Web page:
|Dominican Republic Table of Contents
The electoral system in place as of 1989 could trace its roots to the death of Trujillo. Following the dictator's assassination in 1961, the Dominican government asked the Organization of American States (OAS) to send a technical advisory mission to the country to help set up a system of free elections. Upon the mission's recommendation, the country established a hierarchy of electoral boards. The Central Electoral Board, consisting of three members appointed by the Senate, was the highest of these bodies.
Members of the Central Electoral Board were appointed to serve twelve-year terms. The Board chose the members of the provincial and municipal boards, who served at its pleasure. The Board issued regulations to ensure free and honest elections; directed the distribution of ballots, equipment, and voting materials; and supervised the functioning of the lower-level electoral boards.
The Central Electoral Board was given responsibility for printing ballots for each Dominican political party. To facilitate voting by those unable to read, each party's ballot was printed a different color. The ballots also bore the emblems of the parties participating, as an additional aid to nonreaders. Election day was a national holiday; alcoholic beverages could not be sold that day, and the polls were open from 6:00 a.m. to 6:00 p.m.
Voting was free, secret, and obligatory for both men and women. Suffrage was granted to everyone eighteen years old or older, and to every married person regardless of age. Members of the police or the armed forces were ineligible to vote, as were those who had lost their political and civil rights, such as incarcerated criminals. Elections were regulated by law, and they were administered by the Central Electoral Board.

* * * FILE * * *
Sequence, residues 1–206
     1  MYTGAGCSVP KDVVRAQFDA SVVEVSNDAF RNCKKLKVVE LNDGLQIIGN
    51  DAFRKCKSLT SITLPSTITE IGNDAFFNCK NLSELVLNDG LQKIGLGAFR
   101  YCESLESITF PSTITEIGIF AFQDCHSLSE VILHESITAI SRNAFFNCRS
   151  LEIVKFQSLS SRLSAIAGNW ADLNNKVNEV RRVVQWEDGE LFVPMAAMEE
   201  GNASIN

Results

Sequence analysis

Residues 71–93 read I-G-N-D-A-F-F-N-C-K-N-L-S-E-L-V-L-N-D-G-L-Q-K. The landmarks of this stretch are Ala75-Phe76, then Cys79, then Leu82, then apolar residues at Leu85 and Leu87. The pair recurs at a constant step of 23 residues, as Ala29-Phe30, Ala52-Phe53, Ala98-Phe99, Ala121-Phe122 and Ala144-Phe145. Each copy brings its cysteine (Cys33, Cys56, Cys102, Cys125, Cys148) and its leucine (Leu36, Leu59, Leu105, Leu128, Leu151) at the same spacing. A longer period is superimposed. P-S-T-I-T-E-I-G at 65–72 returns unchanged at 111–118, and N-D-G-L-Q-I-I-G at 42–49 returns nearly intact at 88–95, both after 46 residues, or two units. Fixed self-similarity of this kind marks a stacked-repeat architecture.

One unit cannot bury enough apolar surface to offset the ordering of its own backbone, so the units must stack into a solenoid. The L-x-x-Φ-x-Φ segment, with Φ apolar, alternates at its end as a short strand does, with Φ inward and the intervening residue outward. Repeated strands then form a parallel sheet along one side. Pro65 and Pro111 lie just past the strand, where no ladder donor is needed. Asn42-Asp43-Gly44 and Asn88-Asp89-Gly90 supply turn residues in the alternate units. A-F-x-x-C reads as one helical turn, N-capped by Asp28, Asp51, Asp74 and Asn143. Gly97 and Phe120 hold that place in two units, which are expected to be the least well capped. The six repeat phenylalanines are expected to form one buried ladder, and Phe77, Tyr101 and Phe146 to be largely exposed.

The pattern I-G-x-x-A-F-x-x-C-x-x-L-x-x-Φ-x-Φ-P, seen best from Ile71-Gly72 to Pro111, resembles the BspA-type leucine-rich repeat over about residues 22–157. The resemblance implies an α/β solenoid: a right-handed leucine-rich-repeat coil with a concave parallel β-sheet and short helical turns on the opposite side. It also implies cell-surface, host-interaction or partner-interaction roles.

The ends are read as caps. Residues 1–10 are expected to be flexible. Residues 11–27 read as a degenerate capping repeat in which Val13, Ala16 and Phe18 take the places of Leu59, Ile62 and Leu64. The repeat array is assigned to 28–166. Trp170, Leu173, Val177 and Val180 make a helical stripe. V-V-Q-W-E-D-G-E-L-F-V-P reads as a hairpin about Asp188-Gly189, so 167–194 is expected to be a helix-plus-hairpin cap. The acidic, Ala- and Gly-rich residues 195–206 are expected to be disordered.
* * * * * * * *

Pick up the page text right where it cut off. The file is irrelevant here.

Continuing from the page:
Dominican elections could be breathtaking affairs. In 1978 losing candidate Balaguer impounded the ballot boxes and seemed about to steal the election; pressure from the United States forced a resumption of the vote count, which led to Guzmán's victory. The 1986 presidential election also produced controversy. This time Balaguer won, but the losing candidate of the PRD Jacobo Majluta Azar, claimed fraud and refused to concede. Majluta demanded a recount and threatened that violence might result otherwise. In this case, an independent electoral commission headed by the archbishop of Santo Domingo intervened in the dispute, verified the Balaguer victory, and persuaded Majluta to accept its independent vote tally.
Since 1978, elections had gained legitimacy as a means of choosing the president and other leaders. The elections of 1982 and 1986 had generally been fair, honest, competitive, and free, but elections still represented only one of several possible means to power in the Dominican Republic, the others being a skillfully executed coup d'état or a heroic revolution. Moreover, Dominican elections did not necessarily bestow the definitive legitimacy usually accorded an elected government in more developed democratic nations.
More about the Government and Politics of the Dominican Republic.
Source: U.S. Library of Congress